Well....my XI come pretty close-nearly 70%: It was : Simpson, Taylor, Ponting, Bradman, Border, Miller, Gilly,Warne, Grimmet, Lillee, Mcgrath. Simpson RHB and bowls spin...could be a useful change bowler...Taylor battled against Windies & Pak quicks in 1990s (Hyden comparitively played weaker bowlers), Ponting with his sheer record and class behind him could have played in any era...fine player of fast bowling., Border was man of crisis, sadly I had to leave out Greg Chappell ..one of my favourite bat.Miller is the best allrounder, Gilly forces his way in due to his batting ..Marsh & healy were better keepers.Grimmet was a greatly successful spinner during his era with great strike record.Warne,Lillee & the Don are automatic choices and Mcgrath edges out lindwall due to his longivity and stats and also as he is highly successful during a time when the game is dominated by batsmen. On spnning wkts..G Chappell replaces ponting in batting order and lindwall for grimmet on faster wkts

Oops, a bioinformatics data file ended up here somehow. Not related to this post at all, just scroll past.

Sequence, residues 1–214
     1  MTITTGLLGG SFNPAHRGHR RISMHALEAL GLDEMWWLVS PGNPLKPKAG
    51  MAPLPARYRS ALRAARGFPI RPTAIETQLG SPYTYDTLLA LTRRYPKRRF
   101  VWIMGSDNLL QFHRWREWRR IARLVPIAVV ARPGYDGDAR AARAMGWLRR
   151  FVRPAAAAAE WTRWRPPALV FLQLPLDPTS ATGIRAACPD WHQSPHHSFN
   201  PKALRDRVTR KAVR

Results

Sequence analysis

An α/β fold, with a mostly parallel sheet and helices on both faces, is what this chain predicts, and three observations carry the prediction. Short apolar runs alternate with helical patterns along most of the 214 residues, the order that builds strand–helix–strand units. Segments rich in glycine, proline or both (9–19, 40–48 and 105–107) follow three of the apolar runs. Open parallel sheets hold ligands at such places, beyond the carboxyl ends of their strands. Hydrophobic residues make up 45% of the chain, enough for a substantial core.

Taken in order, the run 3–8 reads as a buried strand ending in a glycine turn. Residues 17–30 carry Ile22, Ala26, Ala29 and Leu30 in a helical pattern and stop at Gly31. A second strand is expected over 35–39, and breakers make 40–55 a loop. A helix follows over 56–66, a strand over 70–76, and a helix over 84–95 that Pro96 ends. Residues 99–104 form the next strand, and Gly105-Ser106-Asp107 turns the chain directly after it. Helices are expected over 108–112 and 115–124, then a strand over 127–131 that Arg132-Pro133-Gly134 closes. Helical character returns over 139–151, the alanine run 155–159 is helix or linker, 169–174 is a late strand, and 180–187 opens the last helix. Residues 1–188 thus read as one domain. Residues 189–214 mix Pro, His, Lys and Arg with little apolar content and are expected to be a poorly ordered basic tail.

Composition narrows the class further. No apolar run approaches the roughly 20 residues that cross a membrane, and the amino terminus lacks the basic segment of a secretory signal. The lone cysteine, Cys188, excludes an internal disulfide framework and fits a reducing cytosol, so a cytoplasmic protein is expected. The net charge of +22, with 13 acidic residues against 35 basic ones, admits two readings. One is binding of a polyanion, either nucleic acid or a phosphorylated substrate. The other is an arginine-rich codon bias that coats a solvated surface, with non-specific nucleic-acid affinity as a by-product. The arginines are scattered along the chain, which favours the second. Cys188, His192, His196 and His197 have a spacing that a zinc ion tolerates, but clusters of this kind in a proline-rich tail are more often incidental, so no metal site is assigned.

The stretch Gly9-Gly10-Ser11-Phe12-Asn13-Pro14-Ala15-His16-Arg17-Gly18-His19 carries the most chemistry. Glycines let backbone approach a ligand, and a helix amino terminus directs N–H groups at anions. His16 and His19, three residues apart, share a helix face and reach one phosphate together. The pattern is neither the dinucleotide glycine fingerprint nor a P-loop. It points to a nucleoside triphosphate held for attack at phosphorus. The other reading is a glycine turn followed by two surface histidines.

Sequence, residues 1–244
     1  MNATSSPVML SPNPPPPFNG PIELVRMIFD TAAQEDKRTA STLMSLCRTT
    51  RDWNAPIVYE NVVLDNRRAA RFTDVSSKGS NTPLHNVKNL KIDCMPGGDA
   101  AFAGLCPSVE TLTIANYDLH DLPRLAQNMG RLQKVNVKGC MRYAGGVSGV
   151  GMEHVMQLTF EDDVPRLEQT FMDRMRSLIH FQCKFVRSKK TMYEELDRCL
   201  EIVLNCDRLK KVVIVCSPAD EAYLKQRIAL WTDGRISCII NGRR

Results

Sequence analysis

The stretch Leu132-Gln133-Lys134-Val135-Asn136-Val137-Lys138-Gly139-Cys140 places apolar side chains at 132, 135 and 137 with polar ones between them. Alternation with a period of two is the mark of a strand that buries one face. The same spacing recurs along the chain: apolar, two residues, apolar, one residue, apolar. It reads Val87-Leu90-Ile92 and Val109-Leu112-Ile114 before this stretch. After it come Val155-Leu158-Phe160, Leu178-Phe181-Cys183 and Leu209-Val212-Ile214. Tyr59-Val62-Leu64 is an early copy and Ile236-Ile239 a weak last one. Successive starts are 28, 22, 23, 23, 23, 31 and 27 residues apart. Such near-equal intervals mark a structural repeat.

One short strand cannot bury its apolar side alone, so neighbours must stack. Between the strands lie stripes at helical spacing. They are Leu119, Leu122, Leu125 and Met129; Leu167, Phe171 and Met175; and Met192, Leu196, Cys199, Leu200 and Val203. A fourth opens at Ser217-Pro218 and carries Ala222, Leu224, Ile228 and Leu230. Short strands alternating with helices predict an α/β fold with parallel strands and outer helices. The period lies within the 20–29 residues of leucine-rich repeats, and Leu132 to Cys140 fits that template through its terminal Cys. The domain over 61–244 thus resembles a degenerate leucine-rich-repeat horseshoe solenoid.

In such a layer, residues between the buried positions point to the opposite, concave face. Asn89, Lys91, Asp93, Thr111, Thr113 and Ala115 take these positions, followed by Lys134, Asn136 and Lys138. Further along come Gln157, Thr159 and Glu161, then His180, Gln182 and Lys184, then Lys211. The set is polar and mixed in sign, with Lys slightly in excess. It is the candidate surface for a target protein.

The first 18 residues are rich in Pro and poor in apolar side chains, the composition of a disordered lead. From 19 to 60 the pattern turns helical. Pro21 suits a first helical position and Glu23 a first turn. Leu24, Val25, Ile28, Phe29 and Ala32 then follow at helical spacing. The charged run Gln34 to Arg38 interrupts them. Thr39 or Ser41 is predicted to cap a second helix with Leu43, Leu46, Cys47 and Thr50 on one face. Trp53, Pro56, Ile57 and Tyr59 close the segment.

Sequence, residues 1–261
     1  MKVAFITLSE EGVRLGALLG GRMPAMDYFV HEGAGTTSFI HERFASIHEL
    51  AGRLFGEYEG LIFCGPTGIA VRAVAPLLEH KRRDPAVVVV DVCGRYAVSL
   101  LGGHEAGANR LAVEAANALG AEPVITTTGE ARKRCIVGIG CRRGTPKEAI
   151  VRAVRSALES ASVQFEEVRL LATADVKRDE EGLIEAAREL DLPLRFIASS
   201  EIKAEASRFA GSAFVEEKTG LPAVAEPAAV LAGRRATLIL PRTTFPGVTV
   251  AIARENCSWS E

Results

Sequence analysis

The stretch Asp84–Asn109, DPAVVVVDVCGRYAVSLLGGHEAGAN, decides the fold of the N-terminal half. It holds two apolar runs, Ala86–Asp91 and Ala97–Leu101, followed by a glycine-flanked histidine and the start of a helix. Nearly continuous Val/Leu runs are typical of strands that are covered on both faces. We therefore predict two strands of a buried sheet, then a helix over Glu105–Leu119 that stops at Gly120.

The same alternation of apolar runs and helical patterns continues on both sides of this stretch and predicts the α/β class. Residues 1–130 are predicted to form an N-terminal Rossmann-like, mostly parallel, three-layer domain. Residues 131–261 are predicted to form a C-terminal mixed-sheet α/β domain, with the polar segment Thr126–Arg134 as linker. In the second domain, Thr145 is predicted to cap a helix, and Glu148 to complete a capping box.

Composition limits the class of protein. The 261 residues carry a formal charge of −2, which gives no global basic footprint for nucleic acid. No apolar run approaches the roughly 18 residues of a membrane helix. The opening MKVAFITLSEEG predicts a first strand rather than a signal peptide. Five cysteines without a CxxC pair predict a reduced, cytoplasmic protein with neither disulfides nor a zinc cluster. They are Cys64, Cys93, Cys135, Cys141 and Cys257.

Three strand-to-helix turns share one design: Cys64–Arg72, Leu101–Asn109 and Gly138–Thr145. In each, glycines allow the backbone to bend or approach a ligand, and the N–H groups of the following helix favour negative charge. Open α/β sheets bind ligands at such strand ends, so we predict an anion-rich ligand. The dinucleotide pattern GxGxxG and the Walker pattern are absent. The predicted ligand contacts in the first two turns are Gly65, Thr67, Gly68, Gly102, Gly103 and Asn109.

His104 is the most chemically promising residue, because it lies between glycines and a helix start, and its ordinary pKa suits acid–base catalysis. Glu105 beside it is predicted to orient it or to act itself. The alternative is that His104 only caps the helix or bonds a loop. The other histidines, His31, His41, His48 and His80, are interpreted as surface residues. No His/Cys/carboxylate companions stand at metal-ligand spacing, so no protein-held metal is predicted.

• narenvs on July 21, 2009, 14:43 GMT

    the team is on the whole very good. the choice i disagree with most is mcgrath over lindwall. lindwall was a better bowler (more variation, faster, more destructive) and a better bat; in fact, one of the 5 best pacers of all time (along with lillee, trueman, marshall and barnes). mcgrath was not among the 10 best as at least five others were better (wasim, hadlee, hall, garner, larwood) and many others were at least as good (e.g., bedser, ambrose, spofforth, gregory, mcdonald, statham, lohmann, etc.) also, i'd prefer a top wicketkeeper with a batting averages in the high 20s (marsh, healy) to a less than world-class keeper who scored much more (gilchrist), though i'd prefer the first two to the best aussie keepers (tallon, oldfield) as the latter weren't good enough to bat at no. 7.